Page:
I have been a fan of Alan Partridge (as played by Steve Coogan) since he appeared as the inept sports reporter in Chris Morris and Armando Ianucci’s The Day Today in the mid-1990s. Since then I have found the various TV, radio, online and print outings for the character never less than entertaining and, at their best, they have been some of the best comedy of the last two decades – up their with Father Ted, and believe me such a complement doesn’t come lightly!
So, when the news and then the first trailer for Alpha Papa appeared, I was at once excited but slightly skeptical – so many times have things I have a real fondness for been translated to the big screen and then ruined in the process (Transformers, need I say more, thanks Michael Bay) but, thankfully, Alan Partridge remains intact here as the writers take a clever swipe at big budget Hollywood action movies while keeping Alan firmly as the character we have grown to, for want of a better word, love.
From the start we are dropped into Alan’s world, a small time radio studio in Norwich where older DJs on their way down (both our hero and his antagonist, brilliantly played by Colm Meaney, fall into this category) and younger presenters on the rise rub shoulders. This sets the scene for most of the movie as the situation descends into a near Die Hard like hostage/siege situation with Alan taking the place of John McClane, with all the ridiculous happenings that brings to mind.
At a lean 90 minutes flat duration (including credits) its nice to see that the producers and writers didn’t try and over extend the film as this feels very much like previous Partridge outings, just escalated to make it a movie, and it genuinely feels like a movie rather than an expanded TV show, while retaining much of the same humour though, thankfully, not repeating the same jokes and situations we had previously seen.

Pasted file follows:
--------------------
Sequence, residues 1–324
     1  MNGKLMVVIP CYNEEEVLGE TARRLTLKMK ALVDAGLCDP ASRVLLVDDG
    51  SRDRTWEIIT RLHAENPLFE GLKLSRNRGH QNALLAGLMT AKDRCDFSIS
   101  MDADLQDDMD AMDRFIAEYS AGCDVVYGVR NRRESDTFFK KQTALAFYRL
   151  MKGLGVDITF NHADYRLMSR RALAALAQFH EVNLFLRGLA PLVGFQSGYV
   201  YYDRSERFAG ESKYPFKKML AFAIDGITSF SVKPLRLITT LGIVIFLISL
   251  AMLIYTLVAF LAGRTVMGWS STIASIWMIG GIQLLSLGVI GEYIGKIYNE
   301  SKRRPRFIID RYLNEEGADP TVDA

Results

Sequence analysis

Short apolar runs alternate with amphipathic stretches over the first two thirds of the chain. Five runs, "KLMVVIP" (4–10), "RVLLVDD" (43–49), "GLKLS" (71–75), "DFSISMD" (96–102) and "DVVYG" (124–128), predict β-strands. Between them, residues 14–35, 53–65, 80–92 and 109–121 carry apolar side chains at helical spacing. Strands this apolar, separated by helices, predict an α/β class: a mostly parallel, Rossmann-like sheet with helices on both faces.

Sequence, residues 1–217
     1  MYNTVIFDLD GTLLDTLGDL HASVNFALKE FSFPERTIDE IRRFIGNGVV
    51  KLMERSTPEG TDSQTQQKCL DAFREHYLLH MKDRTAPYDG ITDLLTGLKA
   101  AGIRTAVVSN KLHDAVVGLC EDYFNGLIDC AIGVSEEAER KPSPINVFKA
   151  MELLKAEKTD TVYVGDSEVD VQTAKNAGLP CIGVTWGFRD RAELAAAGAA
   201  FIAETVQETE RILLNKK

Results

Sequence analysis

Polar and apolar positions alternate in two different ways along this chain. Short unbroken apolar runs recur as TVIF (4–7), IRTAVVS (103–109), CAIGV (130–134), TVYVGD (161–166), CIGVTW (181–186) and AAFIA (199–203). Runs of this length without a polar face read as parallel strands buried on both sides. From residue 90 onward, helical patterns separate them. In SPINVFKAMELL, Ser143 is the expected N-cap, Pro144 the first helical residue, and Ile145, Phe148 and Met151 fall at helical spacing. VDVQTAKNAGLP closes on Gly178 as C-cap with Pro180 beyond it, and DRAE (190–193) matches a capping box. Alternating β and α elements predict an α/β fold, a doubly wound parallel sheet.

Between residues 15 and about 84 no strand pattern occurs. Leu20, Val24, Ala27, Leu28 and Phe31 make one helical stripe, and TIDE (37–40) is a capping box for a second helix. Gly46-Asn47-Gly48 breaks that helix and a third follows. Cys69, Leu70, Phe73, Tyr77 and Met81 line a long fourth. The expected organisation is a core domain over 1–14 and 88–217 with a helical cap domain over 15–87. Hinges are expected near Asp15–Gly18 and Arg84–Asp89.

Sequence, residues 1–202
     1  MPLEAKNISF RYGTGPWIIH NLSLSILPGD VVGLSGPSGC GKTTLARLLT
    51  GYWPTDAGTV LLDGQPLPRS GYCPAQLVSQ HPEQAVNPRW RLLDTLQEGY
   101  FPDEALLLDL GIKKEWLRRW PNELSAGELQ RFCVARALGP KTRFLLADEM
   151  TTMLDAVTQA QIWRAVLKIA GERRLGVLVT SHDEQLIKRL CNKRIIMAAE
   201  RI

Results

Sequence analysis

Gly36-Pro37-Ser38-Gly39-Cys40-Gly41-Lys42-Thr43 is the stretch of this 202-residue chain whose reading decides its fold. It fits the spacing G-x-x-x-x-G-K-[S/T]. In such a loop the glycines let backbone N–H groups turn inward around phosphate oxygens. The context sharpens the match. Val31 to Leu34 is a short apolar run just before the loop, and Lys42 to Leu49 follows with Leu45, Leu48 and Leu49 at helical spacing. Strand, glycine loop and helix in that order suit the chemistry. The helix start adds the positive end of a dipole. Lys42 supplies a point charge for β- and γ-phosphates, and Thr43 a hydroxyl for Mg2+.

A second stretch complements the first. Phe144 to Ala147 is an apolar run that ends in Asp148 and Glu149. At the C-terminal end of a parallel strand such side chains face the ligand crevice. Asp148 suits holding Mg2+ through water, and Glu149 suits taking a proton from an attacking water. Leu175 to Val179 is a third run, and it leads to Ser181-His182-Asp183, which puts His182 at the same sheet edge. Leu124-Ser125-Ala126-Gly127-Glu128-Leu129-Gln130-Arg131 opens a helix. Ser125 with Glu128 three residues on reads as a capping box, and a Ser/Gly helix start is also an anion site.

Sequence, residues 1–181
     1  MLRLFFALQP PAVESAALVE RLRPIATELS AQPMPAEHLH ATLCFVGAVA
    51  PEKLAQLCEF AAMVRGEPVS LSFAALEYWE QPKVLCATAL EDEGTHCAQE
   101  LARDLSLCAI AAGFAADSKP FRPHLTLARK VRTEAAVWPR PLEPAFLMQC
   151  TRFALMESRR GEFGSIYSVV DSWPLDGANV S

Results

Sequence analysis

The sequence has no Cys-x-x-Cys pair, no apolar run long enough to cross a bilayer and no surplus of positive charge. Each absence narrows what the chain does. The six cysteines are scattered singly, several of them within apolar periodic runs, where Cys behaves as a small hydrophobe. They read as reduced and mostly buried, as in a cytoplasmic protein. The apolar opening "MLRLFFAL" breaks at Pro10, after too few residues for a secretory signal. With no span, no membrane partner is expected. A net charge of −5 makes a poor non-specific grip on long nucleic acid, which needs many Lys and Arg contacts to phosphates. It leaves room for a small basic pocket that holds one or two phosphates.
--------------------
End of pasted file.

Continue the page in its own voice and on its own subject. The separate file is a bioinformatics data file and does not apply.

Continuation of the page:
As with all Alan Partridge what really makes Alpha Papa work is the balance between surreal situations placed in the ‘real’ world, with a real sense of the despair and loneliness that has come to form the heart of Alan, and is mirrored in Meaney’s Pat Farrel, that is used expertly to add to the humour.
Coogan’s performance is of course the centre of the film and he reprises the role of Partridge in fine style making it entirely the character we have seen in the past but grown to fit the new medium and with the developments documented in ‘autobiography’ I, Partridge all included implicitly if not always explicitly. So, for all the action and talk of “siegeface” we also have the absurdly precise descriptions of cars and the Norwich traffic arrangements.
The supporting cast of returning characters are all similarly well drawn, developed and played with Lynn (Felicity Montagu) and Michael (Simon Greenal) both returning and developing the Partridge legend with their continued presence and working with Alan in the way we have to come to love and expect.
The real triumph that makes Alpha Papa work so well, and surely surpass The World’s End in terms of British comedy in 2013, it is that is totally un-selfconscious of what has come before and works as a stand alone story but with a lot of extras if you know the history and, unlike Pegg and Wright’s movie, it doesn’t feel like the writers wanted it to live up to anything but just to tell its story, in which they had total confidence, and it does this in one of the most successful ways I’ve seen in a long time.
But I still think Colossal Velocity or Hectic Danger Day would have been better titles.